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|Cottage to Let|
Theatrical release poster
|Directed by||Anthony Asquith|
|Produced by||Edward Black|
|Written by||J. O. C. Orton|
Anatole de Grunwald
|Based on||play Cottage to Let by Geoffrey Kerr|
|Music by||Charles Williams|
|Cinematography||Jack E. Cox|
|Edited by||R.E. Dearing|
|Distributed by||General Film Distributors (UK)|
Cottage to Let is a 1941 British spy thriller film directed by Anthony Asquith starring Leslie Banks, Alastair Sim and John Mills. Set in Second World War Scotland, its plot concerns Nazi spies trying to kidnap an inventor.
The film was shot at the Lime Grove Studios in London, with sets designed by the art director Alex Vetchinsky. The film includes the first appearance of George Cole, superbly confident as a cocky young evacuee.
Upper class Mrs. Barrington (Jeanne de Casalis) takes in two child evacuees from London, including cocky teenager Ronald (George Cole), lodging them in a cottage she owns near Loch Tay. However, it has already been let to annoyingly inquisitive Charles Dimble (Alastair Sim). To compound the confusion, Mrs. Barrington had also agreed to allow it to be converted into a military hospital. Spitfire pilot Flight Lieutenant Perry (John Mills) parachutes into the nearby loch and becomes the first patient, tended by Mrs. Barrington's pretty daughter Helen (Carla Lehmann). Mrs. Barrington moves Ronald to the main house, while Dimble and Perry remain in the cottage.
The War Office discuss Barrington and are concerned that someone is spying on his work: possibly Trently - who was educated in Germany.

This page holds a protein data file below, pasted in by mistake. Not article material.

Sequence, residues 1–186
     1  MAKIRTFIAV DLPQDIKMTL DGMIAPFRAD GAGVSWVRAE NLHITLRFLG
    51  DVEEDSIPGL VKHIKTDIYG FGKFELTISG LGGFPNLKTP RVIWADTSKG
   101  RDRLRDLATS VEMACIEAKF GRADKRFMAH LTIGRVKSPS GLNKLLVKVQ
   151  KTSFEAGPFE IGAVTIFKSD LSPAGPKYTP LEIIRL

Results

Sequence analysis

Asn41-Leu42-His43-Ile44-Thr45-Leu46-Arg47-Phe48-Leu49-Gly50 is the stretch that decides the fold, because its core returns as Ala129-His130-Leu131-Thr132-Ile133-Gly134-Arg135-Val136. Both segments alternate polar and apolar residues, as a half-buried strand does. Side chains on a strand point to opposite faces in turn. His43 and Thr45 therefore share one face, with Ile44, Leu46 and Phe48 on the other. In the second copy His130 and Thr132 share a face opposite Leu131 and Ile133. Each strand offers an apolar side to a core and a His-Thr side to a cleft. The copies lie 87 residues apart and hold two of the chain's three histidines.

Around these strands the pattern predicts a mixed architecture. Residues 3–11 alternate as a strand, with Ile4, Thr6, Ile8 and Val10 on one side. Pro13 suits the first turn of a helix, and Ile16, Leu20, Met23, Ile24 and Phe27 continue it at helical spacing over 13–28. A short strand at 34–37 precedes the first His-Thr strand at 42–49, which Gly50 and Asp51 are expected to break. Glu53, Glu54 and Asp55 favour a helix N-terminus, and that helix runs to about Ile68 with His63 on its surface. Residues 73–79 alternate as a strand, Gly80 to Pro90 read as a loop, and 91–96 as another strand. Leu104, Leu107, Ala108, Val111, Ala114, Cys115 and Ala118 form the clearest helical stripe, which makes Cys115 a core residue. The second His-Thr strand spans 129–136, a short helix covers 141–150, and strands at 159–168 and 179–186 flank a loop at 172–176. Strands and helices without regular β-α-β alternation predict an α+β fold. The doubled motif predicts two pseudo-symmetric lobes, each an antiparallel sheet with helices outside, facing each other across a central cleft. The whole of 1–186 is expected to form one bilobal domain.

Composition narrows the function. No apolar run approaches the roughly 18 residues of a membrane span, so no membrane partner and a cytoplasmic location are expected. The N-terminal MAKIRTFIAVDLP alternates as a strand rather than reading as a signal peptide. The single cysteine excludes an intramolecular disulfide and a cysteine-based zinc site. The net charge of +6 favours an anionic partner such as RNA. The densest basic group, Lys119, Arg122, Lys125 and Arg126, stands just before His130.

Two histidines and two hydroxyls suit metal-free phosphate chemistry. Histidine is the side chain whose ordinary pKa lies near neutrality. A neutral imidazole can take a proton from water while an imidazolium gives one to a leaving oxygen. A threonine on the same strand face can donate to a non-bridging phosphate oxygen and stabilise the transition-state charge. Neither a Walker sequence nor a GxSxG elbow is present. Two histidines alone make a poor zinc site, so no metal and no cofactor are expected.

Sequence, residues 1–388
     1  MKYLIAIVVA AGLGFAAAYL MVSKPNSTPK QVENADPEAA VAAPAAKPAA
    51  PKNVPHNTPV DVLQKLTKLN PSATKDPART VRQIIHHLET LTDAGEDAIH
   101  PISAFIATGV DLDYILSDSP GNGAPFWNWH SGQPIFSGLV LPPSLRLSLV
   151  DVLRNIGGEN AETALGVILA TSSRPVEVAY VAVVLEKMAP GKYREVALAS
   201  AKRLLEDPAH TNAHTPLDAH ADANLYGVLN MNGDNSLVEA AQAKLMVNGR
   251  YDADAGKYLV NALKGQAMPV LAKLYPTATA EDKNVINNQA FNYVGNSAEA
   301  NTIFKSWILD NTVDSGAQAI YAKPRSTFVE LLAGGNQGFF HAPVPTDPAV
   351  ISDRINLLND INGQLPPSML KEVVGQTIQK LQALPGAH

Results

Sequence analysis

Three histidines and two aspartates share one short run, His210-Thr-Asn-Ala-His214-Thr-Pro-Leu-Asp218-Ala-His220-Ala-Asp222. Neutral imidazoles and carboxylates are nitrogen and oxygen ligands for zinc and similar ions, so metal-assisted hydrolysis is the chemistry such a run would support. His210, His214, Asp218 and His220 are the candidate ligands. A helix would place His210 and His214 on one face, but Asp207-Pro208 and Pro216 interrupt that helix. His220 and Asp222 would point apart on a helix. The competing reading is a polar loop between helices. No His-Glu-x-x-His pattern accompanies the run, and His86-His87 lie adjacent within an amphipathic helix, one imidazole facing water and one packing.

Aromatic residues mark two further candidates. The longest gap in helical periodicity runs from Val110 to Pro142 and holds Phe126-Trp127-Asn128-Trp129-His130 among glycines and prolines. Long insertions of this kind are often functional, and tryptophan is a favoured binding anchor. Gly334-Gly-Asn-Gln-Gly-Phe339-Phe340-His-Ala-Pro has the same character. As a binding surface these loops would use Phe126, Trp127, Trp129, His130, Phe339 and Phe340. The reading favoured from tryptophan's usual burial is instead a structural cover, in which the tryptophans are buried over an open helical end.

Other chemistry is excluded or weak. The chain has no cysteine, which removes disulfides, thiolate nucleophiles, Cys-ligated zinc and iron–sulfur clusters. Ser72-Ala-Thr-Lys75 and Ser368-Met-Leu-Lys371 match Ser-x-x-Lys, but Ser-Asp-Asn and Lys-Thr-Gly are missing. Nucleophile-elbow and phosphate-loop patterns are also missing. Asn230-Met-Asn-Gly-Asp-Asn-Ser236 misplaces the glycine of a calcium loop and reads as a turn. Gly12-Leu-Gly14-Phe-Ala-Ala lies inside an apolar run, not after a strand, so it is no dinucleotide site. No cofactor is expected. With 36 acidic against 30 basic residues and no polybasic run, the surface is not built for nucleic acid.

Ronald makes friends with Mrs. Barrington's husband John (Leslie Banks), a brilliant but eccentric inventor, currently working on a bombsight for the Royal Air Force. However, he insists on working on his own. His assistant, Alan Trently (Michael Wilding), becomes jealous when Helen starts spending too much time with Perry. Eventually though, Helen lets Trently know that she prefers him.
Meanwhile, the government grows concerned about Barrington's security; his last invention, a self-sealing fuel tank, was copied by the Germans within a month of its mass production. Trently comes under suspicion, as he had been educated in Germany.
It turns out that there is cause for concern; German agents kidnap Barrington. Ronald stows away in the car used to take the captive to an isolated water mill. When Perry shows up, Ronald attacks one of the spies to help in the "rescue". Unfortunately, it is all in vain, as Perry is revealed to be the ringleader. Perry intends to take Barrington to Berlin on a seaplane which is due to arrive the next night.
However, Dimble turns out to be a British counterintelligence officer. He manages to infiltrate the ring and learn where Barrington is being held. All but one of the spies are captured and the prisoners are freed. Perry initially escapes, but is eventually tracked down and killed in a shootout with Dimble.
- Leslie Banks as John Barrington
- Alastair Sim as Charles Dimble
- John Mills as Flight Lieutenant Perry
- Jeanne de Casalis as Mrs. Barrington
- Carla Lehmann as Helen Barrington
- George Cole as Ronald
- Michael Wilding as Alan Trently
- Frank Cellier as Ernest Forest
- Muriel Aked as Miss Fernery
- Wally Patch as Evans
- Muriel George as Mrs. Trimm
- Hay Petrie as Dr. Truscott
- Catherine Lacey as Mrs. Stokes
- Annie Esmond as Lady wrapping parcels for the bazaar (uncredited)
- Peter Gawthorne as Senior RAF officer (uncredited)
- Arthur Hambling as Scotland Yard Inspector (uncredited)
- Roddy Hughes as German agent (uncredited)
- Brefni O'Rorke as Scottish Police Inspector (uncredited)
- Charles Rolfe as German agent (uncredited)
- Ben Williams as Scottish fisherman (uncredited)
- Ryall, Tom. Anthony Asquith. Manchester University Press, 2013.
- Goble, Alan (8 September 2011). "The Complete Index to Literary Sources in Film". Walter de Gruyter – via Google Books.
- "Cottage to Let". BFI.
- "Cottage to Let (1941) - Anthony Asquith | Synopsis, Characteristics, Moods, Themes and Related | AllMovie" – via www.allmovie.com.
- "BFI Screenonline: Cottage To Let (1941) Credits". www.screenonline.org.uk.
- "BFI Screenonline: Cottage To Let (1941)". www.screenonline.org.uk.
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